Monday, December 13, 2004

The Frontier Between the Aethereal and the Perishable

Aristotle, being interested both in biology and in astronomy, found himself faced with an obvious contrast. The characteristic of the world we men inhabit is incessant change by birth, growth, procreation, death, and decay. And within that world such experimental methods as had been achieved in his time could discover only an imperfect uniformity. Things happen in the same way not perfectly nor invariably but 'on the whole' or 'for the most part'. But the world studied by astronomy seemed quite different. No Nova had yet been observed. So far as he could find out, the celestial bodies were permanent; they neither came into existence nor passed away. And the more you studied them, the more perfectly regular their movements seemed to be.


Along the Greek coastline, where Aristotle taught

Apparently, then, the universe was divided into two regions. The lower region of change and irregularity he called Nature. The upper he called Sky. Thus he can speak of 'Nature and Sky' as two things. But that very changeable phenomenon, the weather, made it clear that the realm of inconstant Nature extended some way above the surface of the Earth. 'Sky' must begin higher up. It seemed reasonable to suppose that regions which differed in every observable respect were also made of different stuff. Nature was made of the four elements, earth, water, fire, and air. Air, then (and with air Nature; and with Nature inconstancy) must end before Sky began. Above the air, in true Sky, was a different substance, which he called aether. Thus 'the aether encompasses the divine bodies, but immediately below the aethereal and divine nature comes that which is passible, mutable, perishable, and subject to death'. By the word divine Aristotle introduces a religious element; and the placing of the important frontier (between Sky and Nature, Aether and Air) at the Moon's orbit is a minor detail. But the concept of such a frontier seems to arise far more in response to a scientific than to a religious need.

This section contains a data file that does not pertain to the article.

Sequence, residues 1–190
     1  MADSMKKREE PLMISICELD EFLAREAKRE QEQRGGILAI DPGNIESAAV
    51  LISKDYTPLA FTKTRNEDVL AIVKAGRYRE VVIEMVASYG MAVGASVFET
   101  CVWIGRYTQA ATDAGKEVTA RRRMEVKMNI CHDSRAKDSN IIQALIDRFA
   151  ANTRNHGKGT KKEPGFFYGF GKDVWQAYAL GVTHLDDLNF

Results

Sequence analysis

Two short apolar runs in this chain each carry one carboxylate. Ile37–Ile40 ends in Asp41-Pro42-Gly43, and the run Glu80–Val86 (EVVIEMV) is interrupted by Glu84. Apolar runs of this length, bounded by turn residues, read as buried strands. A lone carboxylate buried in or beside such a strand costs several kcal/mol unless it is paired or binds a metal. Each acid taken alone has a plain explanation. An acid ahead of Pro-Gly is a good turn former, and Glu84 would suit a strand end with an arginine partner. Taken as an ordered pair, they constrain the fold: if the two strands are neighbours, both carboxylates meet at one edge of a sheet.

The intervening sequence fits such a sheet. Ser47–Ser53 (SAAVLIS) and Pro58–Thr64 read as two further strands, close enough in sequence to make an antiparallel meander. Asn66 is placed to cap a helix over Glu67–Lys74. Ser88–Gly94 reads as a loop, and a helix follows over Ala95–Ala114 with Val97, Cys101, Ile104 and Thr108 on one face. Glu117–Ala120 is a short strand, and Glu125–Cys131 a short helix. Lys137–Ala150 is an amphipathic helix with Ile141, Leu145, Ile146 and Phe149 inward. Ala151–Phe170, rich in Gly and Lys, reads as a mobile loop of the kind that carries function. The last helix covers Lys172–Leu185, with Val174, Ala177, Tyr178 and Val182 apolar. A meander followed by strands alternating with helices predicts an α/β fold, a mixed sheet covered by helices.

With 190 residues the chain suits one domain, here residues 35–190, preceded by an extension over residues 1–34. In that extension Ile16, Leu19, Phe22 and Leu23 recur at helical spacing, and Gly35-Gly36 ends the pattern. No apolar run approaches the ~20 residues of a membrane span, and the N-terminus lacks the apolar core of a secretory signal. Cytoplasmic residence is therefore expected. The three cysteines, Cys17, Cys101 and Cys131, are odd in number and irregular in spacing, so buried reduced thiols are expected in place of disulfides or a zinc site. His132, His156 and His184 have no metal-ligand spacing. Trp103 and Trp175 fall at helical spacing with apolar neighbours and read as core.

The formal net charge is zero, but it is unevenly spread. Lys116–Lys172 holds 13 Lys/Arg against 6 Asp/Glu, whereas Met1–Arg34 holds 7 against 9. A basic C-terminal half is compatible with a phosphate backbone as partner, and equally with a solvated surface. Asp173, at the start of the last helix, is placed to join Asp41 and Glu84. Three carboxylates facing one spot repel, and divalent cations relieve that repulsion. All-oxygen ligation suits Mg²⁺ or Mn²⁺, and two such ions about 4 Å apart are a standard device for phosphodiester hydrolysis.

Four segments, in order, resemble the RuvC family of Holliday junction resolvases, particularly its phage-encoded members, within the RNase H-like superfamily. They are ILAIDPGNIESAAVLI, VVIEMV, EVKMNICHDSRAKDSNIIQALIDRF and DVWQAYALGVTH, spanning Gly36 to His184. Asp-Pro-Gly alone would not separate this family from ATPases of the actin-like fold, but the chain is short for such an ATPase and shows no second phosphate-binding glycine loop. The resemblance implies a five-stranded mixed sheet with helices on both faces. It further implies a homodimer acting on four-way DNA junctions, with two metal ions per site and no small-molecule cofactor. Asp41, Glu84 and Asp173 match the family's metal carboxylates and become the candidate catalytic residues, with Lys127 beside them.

~C.S. Lewis, The Discarded Image, Chapter 1: The Medieval Situation (1964)

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On this day:

1916 Lewis (age eighteen) receives a scholarship to University College, Oxford.

2 Comment(s):

At Mon Dec 13, 10:17:00 PM EST, Blogger Anamire said...

Aristotle, eh? Now you're speaking my language. :-)

In my Greek history class today we were talking about the ancient Greek view of the universe, in that it was a place of opposite forces (Light vs. Dark, Life vs. Death). This fits well with Aristotle's attempt to divide the world into Permanence and Impermanence.

By the way, the picture you picked out looks like it could have come right out of the movie Alexander. There's a scene where Aristotle is tutoring a group of boys in a place that looks just like that. Nifty!

 
At Tue Dec 14, 07:58:00 AM EST, Blogger Arevanye said...

I thought you might enjoy this post, Anamire!

By the way, the picture you picked out looks like it could have come right out of the movie Alexander. There's a scene where Aristotle is tutoring a group of boys in a place that looks just like that. Nifty!Wow, that's amazing. I just love the internet. I found that picture on a website selling tours of ancient sites in Greece.

 

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